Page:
Totally agree with the previous two posts. The idea is to figure out what you want to pay for the car. It has to be a fair price and there are a number of ways to figure that out. Do research on the internet, talk to the loan officer at your bank. Make sure all options are included. But once you’ve settled on your price and you know it is a fair price, do not deviate from it. And when negotiating for the price of the new car, do not even discuss trade. Wait until the price of the car is settled to your satisfaction. Do your homework on the value of your trade in. Be realistic, and expect less than if you sold it yourself in exchange for the convenience of just trading it in. Once you are satisfied that the entire deal is fair, stick to your bottom line and be prepared to walk out. DO NOT give them a “good faith” deposit, your keys, a credit card or your driver’s licence or anything else that would prevent you from leaving the dealership when you want to. Make sure they know that your bottom line offer is all-inclusive and if they come back with documentation fees, or dealer prep fees, or “just because” fees, politely tell them have a nice day and leave. I have actually had salesmen chase me out to the parking lot to tell me they would take my deal even after saying they couldn’t do it just five minutes earlier.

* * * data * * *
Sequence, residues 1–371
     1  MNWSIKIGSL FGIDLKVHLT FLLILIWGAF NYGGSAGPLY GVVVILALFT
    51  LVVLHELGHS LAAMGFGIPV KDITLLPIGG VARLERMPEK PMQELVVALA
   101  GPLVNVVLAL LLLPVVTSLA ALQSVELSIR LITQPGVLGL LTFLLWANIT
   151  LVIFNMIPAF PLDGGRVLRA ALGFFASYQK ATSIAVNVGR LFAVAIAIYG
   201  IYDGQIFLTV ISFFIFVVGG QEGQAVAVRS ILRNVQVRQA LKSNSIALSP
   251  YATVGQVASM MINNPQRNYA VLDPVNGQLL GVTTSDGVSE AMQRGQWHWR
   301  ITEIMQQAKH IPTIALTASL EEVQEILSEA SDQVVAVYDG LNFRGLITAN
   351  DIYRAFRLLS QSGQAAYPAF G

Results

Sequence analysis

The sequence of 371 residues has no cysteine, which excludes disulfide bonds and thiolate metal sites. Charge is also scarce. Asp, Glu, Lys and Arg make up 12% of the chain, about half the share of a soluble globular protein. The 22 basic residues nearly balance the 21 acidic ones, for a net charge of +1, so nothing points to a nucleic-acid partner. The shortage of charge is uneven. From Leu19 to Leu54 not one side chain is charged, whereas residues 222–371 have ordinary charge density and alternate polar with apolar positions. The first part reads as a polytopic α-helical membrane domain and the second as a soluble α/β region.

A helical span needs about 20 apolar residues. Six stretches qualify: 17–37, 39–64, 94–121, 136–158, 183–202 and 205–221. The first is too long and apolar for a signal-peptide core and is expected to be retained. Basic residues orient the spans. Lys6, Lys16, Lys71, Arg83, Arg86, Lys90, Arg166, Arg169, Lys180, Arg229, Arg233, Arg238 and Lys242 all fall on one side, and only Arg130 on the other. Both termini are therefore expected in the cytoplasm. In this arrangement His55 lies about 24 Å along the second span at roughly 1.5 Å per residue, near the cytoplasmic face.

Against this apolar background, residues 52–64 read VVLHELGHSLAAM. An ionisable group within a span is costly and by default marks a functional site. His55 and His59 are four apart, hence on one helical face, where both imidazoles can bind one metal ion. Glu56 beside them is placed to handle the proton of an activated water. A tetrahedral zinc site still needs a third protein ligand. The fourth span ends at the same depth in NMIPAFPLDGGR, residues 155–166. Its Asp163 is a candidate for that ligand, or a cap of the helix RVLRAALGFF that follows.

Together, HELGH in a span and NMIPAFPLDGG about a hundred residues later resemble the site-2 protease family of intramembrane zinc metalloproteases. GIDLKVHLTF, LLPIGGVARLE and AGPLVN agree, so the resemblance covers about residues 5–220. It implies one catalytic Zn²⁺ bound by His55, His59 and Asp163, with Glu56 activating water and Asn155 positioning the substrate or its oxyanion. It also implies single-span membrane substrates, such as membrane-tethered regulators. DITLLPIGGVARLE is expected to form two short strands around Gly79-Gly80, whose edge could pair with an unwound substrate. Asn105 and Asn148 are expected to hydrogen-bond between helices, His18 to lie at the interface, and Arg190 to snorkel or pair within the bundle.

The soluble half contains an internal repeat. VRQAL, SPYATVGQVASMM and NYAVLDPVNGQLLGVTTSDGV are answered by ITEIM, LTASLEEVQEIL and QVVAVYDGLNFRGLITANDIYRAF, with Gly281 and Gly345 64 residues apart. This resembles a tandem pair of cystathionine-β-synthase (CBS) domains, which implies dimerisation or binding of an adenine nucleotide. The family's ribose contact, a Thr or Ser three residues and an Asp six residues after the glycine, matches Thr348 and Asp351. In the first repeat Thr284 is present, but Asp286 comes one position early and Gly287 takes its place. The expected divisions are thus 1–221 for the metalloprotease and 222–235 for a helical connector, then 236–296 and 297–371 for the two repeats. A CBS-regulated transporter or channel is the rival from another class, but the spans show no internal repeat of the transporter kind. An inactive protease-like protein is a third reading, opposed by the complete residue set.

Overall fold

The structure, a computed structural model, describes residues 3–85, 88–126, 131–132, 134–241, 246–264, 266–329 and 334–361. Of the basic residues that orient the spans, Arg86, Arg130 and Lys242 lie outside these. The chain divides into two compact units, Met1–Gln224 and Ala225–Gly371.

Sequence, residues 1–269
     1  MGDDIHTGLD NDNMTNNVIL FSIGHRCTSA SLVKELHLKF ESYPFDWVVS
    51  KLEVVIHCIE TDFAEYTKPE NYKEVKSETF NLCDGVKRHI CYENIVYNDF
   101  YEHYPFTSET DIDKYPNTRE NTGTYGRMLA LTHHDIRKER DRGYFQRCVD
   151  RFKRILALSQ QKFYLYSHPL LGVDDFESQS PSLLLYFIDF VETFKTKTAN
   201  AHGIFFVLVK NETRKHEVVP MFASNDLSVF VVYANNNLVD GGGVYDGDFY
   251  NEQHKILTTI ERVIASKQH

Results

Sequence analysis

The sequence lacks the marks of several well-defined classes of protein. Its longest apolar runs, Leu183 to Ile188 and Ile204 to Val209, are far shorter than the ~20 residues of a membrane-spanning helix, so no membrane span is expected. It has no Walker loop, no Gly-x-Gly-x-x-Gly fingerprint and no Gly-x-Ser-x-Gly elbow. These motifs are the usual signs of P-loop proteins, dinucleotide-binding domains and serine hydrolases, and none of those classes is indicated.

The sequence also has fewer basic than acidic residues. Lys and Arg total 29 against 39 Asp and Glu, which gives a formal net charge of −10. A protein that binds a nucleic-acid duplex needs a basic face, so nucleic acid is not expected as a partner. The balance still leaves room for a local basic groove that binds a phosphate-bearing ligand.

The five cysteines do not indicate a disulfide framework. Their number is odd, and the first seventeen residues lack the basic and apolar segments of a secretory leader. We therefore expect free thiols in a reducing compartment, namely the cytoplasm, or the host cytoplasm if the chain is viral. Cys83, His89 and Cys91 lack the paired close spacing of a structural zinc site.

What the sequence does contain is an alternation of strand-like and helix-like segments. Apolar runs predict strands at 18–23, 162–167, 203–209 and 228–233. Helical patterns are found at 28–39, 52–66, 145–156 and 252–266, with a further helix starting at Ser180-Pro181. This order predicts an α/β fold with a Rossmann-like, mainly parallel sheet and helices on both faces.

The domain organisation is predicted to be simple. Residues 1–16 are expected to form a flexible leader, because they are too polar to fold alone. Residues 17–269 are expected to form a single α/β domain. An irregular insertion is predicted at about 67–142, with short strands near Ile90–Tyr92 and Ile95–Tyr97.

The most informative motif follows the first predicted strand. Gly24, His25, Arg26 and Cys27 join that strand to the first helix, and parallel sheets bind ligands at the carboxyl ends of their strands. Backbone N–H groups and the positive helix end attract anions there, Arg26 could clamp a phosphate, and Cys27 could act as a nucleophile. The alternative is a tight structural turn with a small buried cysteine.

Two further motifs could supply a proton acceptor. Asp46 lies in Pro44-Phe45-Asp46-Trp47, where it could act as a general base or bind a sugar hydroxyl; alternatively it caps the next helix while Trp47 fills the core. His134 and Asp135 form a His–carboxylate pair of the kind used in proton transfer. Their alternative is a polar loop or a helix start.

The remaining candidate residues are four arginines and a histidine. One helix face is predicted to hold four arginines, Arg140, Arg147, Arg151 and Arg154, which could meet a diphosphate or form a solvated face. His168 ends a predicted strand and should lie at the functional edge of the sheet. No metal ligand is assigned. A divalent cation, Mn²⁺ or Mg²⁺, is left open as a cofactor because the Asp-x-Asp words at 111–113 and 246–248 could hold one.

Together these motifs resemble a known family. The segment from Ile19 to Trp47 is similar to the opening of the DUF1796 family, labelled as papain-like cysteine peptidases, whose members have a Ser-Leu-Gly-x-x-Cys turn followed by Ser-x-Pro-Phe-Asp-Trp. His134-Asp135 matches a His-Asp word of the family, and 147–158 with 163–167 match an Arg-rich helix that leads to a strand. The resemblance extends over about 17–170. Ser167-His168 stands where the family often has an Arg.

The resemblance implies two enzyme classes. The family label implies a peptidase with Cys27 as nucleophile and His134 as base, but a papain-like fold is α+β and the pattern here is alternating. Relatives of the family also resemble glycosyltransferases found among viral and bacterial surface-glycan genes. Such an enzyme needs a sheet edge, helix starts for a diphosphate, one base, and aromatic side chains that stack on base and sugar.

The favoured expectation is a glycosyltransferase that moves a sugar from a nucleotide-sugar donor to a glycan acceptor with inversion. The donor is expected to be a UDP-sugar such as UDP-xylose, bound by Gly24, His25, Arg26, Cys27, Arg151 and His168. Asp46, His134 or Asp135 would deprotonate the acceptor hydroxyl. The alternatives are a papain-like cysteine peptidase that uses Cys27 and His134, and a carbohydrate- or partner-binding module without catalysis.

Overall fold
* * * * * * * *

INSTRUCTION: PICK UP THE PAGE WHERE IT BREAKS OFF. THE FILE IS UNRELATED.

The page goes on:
One last thing, I wouldn’t tell them you’re considering paying cash when negotiating the price. Dealer financing is profitable for the dealer; cash doesn’t gain them anything.
I don’t think there are many, if any, loans that have an early pay off penalty.
The only ones I’ve ever seen were the special ones from the dealer.